Primitive Loom, Modern Weaver, Timeless Technology

BeWeave It

Part of what I love so much about weaving is the way it puts me in touch with one of humanity’s most ancient traditions. After all, simple backstrap looms were fundamental tools for even the most ancient of civilizations.

All looms today operate on the same ancient technology of passing weft through different sheds of warp yarns. A time-travelling weaver from the distant past would probably be able to comprehend the basics of even the most complicated commercial looms. A modern weaver travelling back in time could use a primitive loom, too!

Check out this primitive loom and learn how weaving technology is truly timeless.

Host of Primitive Technology weaving fibers on his primitive loom, using a makeshift shuttle.

If you want to get back to the roots of weaving, check out this video from YouTuber Primitive Technology. He creates a very basic loom with an ingenious way of changing sheds, and uses it to weave “yarn” he harvested and spun from fibrous tree bark. The video is absolutely mesmerizing.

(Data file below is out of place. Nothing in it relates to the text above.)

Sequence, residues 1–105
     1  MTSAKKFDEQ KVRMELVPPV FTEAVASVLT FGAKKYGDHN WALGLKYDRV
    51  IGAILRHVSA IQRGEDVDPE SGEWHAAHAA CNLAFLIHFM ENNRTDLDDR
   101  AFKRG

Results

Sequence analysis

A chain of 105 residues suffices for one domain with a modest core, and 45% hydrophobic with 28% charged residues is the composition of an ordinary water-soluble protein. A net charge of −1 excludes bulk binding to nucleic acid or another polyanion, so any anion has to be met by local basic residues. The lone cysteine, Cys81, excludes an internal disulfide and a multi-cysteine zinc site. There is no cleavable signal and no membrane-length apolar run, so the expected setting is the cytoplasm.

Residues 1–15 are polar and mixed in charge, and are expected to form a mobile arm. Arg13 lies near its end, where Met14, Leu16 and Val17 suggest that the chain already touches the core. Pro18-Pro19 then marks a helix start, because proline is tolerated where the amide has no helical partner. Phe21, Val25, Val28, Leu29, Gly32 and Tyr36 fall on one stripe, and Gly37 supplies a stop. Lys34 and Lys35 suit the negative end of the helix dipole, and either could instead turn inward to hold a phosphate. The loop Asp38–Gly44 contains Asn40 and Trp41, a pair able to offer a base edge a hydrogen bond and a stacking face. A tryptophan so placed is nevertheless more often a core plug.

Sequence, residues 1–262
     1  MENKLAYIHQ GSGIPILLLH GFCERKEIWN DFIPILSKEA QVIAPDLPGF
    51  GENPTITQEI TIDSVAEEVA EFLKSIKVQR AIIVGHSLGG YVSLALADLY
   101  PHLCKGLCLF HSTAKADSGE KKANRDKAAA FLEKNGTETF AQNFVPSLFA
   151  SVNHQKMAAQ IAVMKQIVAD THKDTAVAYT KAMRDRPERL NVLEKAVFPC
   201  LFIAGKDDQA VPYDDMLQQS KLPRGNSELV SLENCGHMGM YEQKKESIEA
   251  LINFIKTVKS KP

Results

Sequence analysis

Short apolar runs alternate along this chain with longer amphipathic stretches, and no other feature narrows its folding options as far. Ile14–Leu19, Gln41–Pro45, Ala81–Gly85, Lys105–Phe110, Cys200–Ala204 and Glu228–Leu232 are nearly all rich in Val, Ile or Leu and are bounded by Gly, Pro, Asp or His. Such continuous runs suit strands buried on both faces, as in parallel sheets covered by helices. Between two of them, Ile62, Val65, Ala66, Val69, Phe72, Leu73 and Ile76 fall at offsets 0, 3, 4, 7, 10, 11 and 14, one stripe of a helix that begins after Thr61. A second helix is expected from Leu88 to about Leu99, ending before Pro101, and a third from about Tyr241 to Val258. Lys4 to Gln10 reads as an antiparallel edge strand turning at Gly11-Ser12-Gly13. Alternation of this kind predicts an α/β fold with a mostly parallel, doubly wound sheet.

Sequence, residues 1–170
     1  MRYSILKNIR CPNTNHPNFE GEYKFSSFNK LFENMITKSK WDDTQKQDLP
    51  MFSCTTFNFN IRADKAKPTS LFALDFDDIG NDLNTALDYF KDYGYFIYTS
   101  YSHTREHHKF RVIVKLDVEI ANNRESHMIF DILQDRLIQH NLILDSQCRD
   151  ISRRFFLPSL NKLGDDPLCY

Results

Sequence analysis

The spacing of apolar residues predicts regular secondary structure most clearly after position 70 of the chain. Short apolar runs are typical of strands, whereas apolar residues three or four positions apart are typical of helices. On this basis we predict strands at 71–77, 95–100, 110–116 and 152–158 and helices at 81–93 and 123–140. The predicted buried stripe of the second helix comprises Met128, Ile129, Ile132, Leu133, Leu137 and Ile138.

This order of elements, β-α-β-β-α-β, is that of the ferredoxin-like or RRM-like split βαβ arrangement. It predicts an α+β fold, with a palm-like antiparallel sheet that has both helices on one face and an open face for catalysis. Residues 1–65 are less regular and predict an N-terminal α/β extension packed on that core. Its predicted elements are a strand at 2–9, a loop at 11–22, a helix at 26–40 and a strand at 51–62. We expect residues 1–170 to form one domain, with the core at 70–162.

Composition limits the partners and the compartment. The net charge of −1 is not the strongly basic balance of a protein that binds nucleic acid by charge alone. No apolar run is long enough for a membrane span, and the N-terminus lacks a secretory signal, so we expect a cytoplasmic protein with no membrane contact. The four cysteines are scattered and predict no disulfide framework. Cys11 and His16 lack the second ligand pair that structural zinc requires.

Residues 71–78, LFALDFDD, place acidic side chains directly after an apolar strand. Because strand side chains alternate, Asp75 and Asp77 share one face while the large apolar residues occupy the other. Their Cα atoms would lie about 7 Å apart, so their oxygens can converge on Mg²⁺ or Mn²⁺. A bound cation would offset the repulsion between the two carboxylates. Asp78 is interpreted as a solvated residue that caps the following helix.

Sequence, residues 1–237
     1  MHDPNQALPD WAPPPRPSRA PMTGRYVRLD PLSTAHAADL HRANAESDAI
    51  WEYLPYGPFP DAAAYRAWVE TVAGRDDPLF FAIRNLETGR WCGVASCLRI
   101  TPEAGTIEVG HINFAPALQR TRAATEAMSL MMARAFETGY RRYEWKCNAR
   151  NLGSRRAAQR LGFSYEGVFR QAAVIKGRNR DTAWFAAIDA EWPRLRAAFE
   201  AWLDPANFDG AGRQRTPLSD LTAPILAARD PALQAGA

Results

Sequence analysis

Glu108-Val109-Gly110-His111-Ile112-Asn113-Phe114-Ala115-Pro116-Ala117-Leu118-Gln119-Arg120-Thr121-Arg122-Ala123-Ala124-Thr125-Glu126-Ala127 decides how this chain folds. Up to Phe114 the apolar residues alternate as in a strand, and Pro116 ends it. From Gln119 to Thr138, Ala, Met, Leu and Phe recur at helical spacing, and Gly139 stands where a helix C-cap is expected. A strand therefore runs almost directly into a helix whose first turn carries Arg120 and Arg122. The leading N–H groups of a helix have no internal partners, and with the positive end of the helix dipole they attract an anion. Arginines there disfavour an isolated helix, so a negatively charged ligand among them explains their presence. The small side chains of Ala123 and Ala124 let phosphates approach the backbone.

Primitive Technology is a channel run by an anonymous Australian. He goes out into the Australian rainforest of Far North Queensland to work on various “primitive technology” projects. He describes his work as a “hobby where you make things in the wild completely from scratch using no modern tools or materials.”

Weave grasscloth journals, similar to grasscloth woven on primitive looms for centuries!

Want to weave your own cloth from grass and other fibers? Learn how in Handwoven May/June 2015!

Yes, this is a hobby. He does not actually live out there in the bush. However, he does build huts and other shelters out in the woods. He also practices creating primitive technology from forge blowers to bows and arrows to basic drills. The last of these is the basis of the drop spindle he uses in the weaving video.

One thing I find fascinating about Primitive Technology is, the host never speaks in his video. Like weaving itself, his presentation style is universally accessible regardless of language or cultural context.

If you’d like to get into the spirit of primitive technology without actually building your own loom, try out the grasscloth journal covers featured in the May/June 2015 issue of Handwoven.

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